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Environmental Role of Earthworm (Lumbricidae) in Formation of Soil Buffering Capacity Against Copper Contamination in Remediated Soil, Steppe Zone of Ukraine

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Loza Iryna, Kul’bachko Yurii, Didur Oleg and Kryuchkova Angelina

Submitted: March 20th, 2016 Reviewed: June 27th, 2016 Published: December 21st, 2016

DOI: 10.5772/64722

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Abstract

The study allowed effect of earthworm casting activities on soil buffering against copper compounds within the territory remediated after coal mining (Western Donbass, Ukraine). Assay of copper immobilization/mobilization was performed in earthworm casts (excretions) and artificial remediated soil. Efficiency of immobilization in the casts (humus-free and humic variants) was more (23 and 43%, respectively) than efficiency of immobilization in the initial soil: loess-like loam and chernozem (19.9 and 40.1%, respectively). Thus, earthworm ecoservice activity changed positively environmental conditions of remediated soil and naturalization of artificial edaphotopes within remediated lands in steppe zone. Environmental quality of remediated soil enriched in earthworm casts was confirmed to be improved.

Keywords

  • contaminated soil
  • earthworm vital activity
  • remediated soil
  • buffering capacity
  • copper contamination
  • sustainable development

1. Introduction

Environmental protection, natural resource management, ensuring of environmental safety of human life are essential conditions for sustainable economic and social development of the European countries. Among the densely populated areas in the steppe zone of Ukraine, Dnipropetrovsk region is characterized by high level of metallurgic and agricultural production. Active mining extraction inevitably accompanied by diminishing of fertility in ordinary and southern chernozem, despite this soil has a great potential for agricultural exploitation. The harmfulness of such processes consists not only in reducing the square of arable land, but also in significant deterioration of ecological status on the entire territory within Dnieper steppe. As a result, increasing rate of coal extraction leads to enlargement of disturbed land area. The most significant changes are taking place with the land fund during development of coal deposits. Under such conditions, the soil cover degraded completely; new forms of relief and landscapes, having fundamental changes of properties and regimes were formed instead. Man-made landscapes connected with the activities of mining and smelting complex often formed by the low-biogenic phytotoxic rocks, this is part of the reason for their low biological productivity [7, 10, 28].

Forest remediation is one of ways for optimization of such technogenic landscapes [1]. According to the modern concept of land remediation, forest remediation is carried out in the absence of reasonability to recycle the land for agricultural use. The main purposes of forest remediation are the forest fund increasing and improvement of environment. Environmentally, the main task of the forest remediation is creation of sustainable forest plantations that have a powerful environment-forming effect on technogenically disturbed sites [4, 8]. Forest remediation is the most effective method to recovery disturbed lands under steppe conditions; after its performing will be a dramatic increase in the forest area of the damaged territory, because the forest provides a reliable water retention, reduces wind strength, redistributes better the summer and winter precipitation, conversion surface runoff waters into deep runoff waters, leveling of temperature regimes, etc. [5].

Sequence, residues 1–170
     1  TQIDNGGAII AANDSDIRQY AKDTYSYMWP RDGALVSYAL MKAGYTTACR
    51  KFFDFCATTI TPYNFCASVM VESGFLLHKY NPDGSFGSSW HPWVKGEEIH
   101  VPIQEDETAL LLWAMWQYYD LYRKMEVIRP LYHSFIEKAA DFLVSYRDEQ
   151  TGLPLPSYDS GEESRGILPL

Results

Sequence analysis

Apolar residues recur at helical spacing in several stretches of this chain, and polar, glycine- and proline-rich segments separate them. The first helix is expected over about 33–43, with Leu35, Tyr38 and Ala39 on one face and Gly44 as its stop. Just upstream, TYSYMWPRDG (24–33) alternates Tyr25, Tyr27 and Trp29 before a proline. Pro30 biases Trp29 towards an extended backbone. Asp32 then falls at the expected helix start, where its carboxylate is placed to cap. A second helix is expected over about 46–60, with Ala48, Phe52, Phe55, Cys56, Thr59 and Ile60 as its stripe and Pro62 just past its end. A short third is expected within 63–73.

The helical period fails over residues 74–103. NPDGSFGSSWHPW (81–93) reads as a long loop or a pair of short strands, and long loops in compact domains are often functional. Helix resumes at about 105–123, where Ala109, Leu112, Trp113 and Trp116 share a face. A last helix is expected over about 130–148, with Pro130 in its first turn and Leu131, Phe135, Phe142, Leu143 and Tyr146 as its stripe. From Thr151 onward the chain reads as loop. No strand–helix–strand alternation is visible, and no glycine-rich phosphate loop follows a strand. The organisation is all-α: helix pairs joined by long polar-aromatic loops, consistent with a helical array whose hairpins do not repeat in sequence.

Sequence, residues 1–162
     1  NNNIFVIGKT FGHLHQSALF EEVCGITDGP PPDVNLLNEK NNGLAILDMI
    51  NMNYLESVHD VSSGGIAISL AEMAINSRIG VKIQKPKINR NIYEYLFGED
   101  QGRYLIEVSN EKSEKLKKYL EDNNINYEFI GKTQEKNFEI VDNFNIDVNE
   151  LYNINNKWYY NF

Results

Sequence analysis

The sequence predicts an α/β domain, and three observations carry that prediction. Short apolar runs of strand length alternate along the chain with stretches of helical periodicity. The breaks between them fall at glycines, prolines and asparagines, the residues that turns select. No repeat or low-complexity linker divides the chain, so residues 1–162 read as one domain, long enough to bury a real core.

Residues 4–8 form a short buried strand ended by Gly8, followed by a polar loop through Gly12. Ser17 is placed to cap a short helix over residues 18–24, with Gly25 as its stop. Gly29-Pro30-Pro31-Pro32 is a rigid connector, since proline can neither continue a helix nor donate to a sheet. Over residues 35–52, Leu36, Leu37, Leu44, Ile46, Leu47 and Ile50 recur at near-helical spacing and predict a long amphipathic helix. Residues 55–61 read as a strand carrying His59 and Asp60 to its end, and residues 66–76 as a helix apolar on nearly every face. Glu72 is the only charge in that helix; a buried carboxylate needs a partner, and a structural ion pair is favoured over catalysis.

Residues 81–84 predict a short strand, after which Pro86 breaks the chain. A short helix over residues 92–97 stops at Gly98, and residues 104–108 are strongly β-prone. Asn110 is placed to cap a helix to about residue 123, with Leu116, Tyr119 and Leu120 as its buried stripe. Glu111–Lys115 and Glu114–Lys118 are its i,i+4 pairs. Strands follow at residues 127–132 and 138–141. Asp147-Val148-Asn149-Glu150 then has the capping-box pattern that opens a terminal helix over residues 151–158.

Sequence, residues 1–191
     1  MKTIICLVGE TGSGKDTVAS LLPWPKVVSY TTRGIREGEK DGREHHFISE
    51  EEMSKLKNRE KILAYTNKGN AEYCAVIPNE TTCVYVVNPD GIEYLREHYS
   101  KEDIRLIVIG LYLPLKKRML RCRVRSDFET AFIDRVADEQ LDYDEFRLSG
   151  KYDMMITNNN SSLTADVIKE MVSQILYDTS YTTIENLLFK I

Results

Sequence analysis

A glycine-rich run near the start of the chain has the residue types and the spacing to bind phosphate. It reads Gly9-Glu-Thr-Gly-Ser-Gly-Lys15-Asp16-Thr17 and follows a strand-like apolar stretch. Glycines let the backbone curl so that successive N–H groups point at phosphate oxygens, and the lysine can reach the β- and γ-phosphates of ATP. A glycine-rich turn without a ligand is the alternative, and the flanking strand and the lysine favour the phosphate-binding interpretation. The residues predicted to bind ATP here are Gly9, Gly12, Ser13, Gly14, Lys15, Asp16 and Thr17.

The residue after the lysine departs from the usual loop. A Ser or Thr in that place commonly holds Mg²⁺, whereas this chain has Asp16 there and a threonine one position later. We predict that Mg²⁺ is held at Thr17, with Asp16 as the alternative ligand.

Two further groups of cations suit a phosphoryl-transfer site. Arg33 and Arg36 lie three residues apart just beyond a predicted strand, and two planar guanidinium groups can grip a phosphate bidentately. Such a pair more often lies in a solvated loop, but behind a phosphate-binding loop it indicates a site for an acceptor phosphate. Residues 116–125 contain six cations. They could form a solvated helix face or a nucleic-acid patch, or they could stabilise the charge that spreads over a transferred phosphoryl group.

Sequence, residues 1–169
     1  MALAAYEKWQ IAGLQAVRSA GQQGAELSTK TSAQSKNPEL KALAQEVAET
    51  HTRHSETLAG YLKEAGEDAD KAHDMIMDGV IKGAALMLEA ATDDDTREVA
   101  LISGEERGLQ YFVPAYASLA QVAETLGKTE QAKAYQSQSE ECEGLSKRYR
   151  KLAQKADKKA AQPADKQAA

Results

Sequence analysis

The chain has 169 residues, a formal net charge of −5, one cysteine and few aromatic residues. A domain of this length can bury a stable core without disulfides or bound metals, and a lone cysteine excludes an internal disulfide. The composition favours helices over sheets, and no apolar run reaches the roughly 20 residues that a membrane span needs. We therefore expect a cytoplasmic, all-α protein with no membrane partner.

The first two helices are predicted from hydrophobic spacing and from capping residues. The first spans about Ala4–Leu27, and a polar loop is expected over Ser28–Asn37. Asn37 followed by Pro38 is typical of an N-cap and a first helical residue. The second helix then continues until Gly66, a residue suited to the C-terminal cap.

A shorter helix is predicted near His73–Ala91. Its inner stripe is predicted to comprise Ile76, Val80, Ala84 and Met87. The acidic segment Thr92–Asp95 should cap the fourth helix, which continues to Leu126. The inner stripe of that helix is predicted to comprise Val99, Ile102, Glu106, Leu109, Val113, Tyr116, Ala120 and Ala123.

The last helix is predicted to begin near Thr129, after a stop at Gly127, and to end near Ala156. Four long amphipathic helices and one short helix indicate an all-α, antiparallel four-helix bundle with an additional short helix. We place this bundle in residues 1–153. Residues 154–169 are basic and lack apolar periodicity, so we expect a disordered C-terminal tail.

Since soil is the basis of any terrestrial ecosystem that determines direction of development and features of ecosystem functioning, the rate of its formation determines the rate of recovery of all other ecosystem components and functioning conditions (bacteria, plant and animal communities). Therefore, the efficiency of forest ecosystem recovery can be estimated by the rate of soil formation and environmental properties of the root layer created during the remediation process. We mean soil-forming process as the way of the initial substrate transformation by interaction of all soil-forming factors.

Decomposers, also referred to as reducers, are an important component of any ecosystem [21]. Among the decomposers, soil saprophages play a crucial role; their trophic activity causes environment-transforming (zoo pertinent) effect on artificial forest ecosystem within remediated lands, contributing to destruction of plant debris. They provide the ecosystem services such as waste recycling and detoxification, encouraging improvement of soil environment state. Healthy soil is one of the main conditions needed for successful growth of forest plantings within steppe territory and for maintenance of ecologically sustainable agricultural production. Healthy soil is a key point of condition for successful forest growth; it forms an environment for root zone stimulating of soil biota activity and allows the roots to spread maximally within soil space.